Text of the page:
Heartland increases capital raising to $58 million

Heartland Building Society has increased its capital raising by $3 million to $58 million to finance its purchase of PGG Wrightson Finance.

Wednesday, July 20th 2011, 7:44PM

That's after it secured a further unnamed "institutional commitment" to subscribe to $3 million worth of shares at the higher of 65 cents per share or the price set by its planned $35 million share purchase plan (SPP) for its existing retail investors.

The already announced $20 million private placements in equal amounts to PGG Wrightson, the finance company's listed parent company, and Heartland's former major shareholder, the listed Pyne Gould Corporation (PGC), are at 75 cents per share.

Heartland shares were trading at 72 cents ahead of the June 14 announcement the company was to buy the PGG Wrightson finance company.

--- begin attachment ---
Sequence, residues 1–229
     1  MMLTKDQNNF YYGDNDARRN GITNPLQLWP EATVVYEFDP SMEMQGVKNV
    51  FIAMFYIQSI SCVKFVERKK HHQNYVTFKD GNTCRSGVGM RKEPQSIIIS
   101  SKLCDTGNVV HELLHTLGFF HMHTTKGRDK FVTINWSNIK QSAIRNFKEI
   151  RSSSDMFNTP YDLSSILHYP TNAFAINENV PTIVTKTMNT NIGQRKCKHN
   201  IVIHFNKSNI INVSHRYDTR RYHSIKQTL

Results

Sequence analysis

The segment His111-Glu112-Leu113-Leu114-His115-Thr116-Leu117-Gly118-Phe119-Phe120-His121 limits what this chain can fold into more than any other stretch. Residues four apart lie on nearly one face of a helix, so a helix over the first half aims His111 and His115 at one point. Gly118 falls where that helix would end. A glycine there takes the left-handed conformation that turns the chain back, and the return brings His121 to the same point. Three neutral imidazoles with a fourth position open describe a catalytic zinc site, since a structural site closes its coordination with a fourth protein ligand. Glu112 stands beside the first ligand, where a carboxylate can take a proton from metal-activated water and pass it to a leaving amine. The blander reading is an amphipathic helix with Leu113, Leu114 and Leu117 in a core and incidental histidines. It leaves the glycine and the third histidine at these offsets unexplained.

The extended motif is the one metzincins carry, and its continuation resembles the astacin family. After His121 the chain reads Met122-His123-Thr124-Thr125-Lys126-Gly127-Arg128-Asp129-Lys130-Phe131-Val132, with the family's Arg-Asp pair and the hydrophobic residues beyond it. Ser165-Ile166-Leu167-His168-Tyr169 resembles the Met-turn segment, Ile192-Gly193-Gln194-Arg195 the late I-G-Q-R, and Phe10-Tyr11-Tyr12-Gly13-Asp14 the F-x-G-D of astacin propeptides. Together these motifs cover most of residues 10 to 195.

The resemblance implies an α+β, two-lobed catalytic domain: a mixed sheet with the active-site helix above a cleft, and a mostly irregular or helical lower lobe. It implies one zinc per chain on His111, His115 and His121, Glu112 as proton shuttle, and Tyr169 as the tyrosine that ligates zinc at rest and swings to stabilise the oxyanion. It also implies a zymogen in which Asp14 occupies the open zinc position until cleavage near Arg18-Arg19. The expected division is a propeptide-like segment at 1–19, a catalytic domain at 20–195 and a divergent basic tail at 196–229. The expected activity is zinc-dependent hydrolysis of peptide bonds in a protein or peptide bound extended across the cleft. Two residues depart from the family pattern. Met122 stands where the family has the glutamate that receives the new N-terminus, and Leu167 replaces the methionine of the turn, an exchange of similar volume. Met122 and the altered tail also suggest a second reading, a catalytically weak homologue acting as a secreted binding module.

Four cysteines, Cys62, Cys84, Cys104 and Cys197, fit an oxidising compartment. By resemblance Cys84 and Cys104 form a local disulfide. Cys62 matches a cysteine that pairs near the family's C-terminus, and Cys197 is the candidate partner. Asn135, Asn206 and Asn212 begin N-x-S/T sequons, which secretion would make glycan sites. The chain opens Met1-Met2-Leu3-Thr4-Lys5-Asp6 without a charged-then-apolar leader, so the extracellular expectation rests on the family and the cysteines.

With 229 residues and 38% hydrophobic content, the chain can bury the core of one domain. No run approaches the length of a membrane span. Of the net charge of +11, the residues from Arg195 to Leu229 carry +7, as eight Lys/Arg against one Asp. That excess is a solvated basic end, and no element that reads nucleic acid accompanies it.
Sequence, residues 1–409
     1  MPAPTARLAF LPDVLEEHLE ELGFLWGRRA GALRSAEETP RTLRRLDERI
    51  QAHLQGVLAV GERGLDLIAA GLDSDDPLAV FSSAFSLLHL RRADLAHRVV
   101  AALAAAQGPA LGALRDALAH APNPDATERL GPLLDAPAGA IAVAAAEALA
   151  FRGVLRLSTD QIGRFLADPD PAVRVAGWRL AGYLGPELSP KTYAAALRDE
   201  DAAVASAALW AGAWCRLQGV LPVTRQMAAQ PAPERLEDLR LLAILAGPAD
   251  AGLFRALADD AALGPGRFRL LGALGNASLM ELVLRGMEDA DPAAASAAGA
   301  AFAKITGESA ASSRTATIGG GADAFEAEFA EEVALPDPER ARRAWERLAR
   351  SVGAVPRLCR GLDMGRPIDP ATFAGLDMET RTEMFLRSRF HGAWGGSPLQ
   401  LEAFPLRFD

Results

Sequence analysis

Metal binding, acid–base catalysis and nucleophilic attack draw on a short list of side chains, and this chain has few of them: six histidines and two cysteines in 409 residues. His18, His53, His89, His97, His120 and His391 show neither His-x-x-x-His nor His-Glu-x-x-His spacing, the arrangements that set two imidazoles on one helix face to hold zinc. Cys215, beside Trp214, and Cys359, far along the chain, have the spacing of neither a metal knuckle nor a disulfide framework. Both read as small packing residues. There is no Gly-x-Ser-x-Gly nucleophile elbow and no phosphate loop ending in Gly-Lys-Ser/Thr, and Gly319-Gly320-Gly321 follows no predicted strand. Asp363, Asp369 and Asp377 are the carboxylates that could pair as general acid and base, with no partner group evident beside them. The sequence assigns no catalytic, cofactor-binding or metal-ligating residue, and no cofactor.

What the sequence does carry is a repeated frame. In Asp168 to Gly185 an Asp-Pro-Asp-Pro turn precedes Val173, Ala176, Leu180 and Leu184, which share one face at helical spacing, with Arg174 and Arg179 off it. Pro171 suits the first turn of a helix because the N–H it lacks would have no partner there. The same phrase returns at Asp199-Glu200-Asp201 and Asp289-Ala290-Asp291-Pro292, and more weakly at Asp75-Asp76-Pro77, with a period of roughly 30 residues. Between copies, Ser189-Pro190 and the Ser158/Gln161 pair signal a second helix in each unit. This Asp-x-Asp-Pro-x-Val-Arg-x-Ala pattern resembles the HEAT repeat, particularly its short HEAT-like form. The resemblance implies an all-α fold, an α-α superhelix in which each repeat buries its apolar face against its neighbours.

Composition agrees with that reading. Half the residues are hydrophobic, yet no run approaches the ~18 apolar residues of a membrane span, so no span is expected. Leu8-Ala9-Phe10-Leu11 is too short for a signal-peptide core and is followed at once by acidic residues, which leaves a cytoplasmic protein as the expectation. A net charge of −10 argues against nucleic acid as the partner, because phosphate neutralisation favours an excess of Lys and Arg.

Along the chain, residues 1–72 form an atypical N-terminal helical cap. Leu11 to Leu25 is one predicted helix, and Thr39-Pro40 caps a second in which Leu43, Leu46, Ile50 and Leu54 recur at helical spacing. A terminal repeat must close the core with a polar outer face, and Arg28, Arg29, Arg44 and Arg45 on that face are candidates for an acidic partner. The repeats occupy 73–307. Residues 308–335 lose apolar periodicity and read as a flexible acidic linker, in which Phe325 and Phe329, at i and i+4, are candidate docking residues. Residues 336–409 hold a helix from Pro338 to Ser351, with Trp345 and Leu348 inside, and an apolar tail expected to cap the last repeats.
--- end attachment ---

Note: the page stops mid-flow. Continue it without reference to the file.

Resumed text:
Since then, Heartland shares have fallen to 61 cents.

Under Heartland's SPP, individual shareholders will be able to subscribe for up to $15,000 worth of shares. Heartland says it will release details of the SPP's terms on or about July 21 and it is expected to open on August 8.

The SPP price will be the lesser of 75 cents per share and a price to be determined at an unspecified discount to the average end-of-day market price over an unspecified period before the SPP closes, Heartland says.

The SPP is fully underwritten, including $10 million of it by PGC.

Heartland says the other $25 million is being underwritten by Impact Capital Management, with both underwriters agreeing any shortfall will be placed to the underwriters at either 65 cents per share or the SPP price, whichever is the higher.

"The floor of $0.65 represents a discount of 25% to the current NTA (net tangible assets) per share of Heartland," the company says.

Heartland says Impact is a private company representing Tomlinson family interests and is "a long-term value investor who shares the Heartland vision and opportunity to create" a new Zealand-controlled, stock exchange-listed bank "that serves the needs of 'heartland' New Zealanders."

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